Trustee’s view: San Diego school district facing tough decisions


By John DeBeck

Sixty million dollars is a lot of money. Since payroll is 80 percent of a school district’s budget, the current 2010 shortfall for San Diego city schools amounts to $48 million - the equivalent of the beginning salaries of 1,000 teachers, or one-sixth of our teaching staff.

Even with the state budget’s passage, there is considerable doubt that the state will fulfill the 2009 obligations - a budget based on uncertainties is still uncertain!

Meanwhile, I have proposed a furlough plan that would preserve all of the jobs. Action is required now, but so far, I am speaking to myself.

Picking away at the deficit remains the current board majority’s attempt to balance a budget. To ignore the $48 million is a total lack of fiscal competency, but that’s what they seem to be doing. That means they are dealing with books and supplies, water, heat and electricity. These overhead items are not easily cut, and tinkering around the margin may save a few million, but that is like sticking one’s head in the sand to avoid danger.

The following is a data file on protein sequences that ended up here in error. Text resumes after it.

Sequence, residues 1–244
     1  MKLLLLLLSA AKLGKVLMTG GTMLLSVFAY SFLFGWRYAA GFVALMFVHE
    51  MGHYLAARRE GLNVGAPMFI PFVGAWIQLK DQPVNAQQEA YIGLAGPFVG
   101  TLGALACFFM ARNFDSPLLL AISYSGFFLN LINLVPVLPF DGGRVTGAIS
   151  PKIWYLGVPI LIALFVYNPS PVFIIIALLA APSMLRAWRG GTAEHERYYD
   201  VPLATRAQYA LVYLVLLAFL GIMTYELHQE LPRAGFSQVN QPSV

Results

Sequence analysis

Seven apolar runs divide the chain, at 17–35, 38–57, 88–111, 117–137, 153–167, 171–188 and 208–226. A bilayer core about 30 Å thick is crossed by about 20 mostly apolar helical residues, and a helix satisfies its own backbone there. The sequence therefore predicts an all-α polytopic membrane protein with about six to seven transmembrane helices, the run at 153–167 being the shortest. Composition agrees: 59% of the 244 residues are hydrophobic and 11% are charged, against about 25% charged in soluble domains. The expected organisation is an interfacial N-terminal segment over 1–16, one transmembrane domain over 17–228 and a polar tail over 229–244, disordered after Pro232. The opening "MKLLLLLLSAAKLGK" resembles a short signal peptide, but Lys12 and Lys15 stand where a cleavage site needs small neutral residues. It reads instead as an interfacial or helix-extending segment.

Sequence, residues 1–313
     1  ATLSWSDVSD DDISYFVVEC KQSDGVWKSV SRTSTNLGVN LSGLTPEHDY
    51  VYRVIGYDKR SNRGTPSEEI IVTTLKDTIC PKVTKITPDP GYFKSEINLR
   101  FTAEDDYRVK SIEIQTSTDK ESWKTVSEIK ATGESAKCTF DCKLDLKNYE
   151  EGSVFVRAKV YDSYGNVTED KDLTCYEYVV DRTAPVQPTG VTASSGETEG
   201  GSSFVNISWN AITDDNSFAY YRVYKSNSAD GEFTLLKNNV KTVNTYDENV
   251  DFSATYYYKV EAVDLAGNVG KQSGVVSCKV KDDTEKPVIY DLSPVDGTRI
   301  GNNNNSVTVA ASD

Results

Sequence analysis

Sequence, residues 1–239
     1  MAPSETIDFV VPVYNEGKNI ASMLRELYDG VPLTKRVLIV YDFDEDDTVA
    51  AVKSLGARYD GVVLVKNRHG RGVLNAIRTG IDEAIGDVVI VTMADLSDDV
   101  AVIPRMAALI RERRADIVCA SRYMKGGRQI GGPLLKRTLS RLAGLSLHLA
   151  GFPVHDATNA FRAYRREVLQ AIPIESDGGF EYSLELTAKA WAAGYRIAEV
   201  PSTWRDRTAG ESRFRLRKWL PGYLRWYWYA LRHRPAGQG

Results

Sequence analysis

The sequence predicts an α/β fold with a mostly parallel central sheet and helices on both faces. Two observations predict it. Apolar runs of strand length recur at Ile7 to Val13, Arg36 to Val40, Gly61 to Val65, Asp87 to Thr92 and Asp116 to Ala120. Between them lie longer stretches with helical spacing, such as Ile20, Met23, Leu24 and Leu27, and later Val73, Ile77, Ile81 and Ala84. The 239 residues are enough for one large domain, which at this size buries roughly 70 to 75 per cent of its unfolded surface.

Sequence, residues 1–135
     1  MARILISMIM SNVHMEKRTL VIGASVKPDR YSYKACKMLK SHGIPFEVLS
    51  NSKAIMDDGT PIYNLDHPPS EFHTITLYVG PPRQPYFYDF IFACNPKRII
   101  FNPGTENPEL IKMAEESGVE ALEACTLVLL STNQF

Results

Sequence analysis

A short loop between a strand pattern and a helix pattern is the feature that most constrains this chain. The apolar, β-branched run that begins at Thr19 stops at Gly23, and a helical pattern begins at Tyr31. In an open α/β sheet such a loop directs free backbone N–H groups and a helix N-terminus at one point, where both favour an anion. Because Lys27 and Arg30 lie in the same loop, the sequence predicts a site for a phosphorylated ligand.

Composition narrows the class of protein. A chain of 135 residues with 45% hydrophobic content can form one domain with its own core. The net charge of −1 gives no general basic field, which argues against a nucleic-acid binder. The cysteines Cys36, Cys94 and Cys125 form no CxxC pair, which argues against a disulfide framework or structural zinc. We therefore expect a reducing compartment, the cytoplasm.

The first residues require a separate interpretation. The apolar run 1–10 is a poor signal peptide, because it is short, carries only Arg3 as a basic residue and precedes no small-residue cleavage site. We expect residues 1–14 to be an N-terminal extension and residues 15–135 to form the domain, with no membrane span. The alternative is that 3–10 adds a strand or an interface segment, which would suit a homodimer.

The net effect of inaction is massive cuts or a negative certification from the county superintendent. Each year, the county schools leader must issue a statement about the solvency of all districts, certifying the financial report as positive, qualified or negative.

A negative certification for San Diego would increase the costs of Proposition S bonds and could require appointment of a district “czar” to oversee the operations of the school system as has happened in Oakland and Compton. Then the board would not have any decisions to make because the appointee would have the power to decide on his/her own.

The miracle expected by the board majority includes federal bailouts and “stealing” the required district 2 percent reserve of $20 million to make up for the salaries and using other funds with “flexibility.”

My proposed furlough of workdays can save up to $80 million over two years and preserve valuable programs and eliminate layoffs.

Drastic as it seems, the plan, if implemented this year along with other savings, would preserve the board’s ability to guide the district through the current minefield and keep class sizes at the present level. I have yet to see any proposal that can offer the advantages and savings that the Furlough Plan would provide.

John DeBeck is the San Diego Unified School District trustee for Subdistrict C, which includes La Jolla.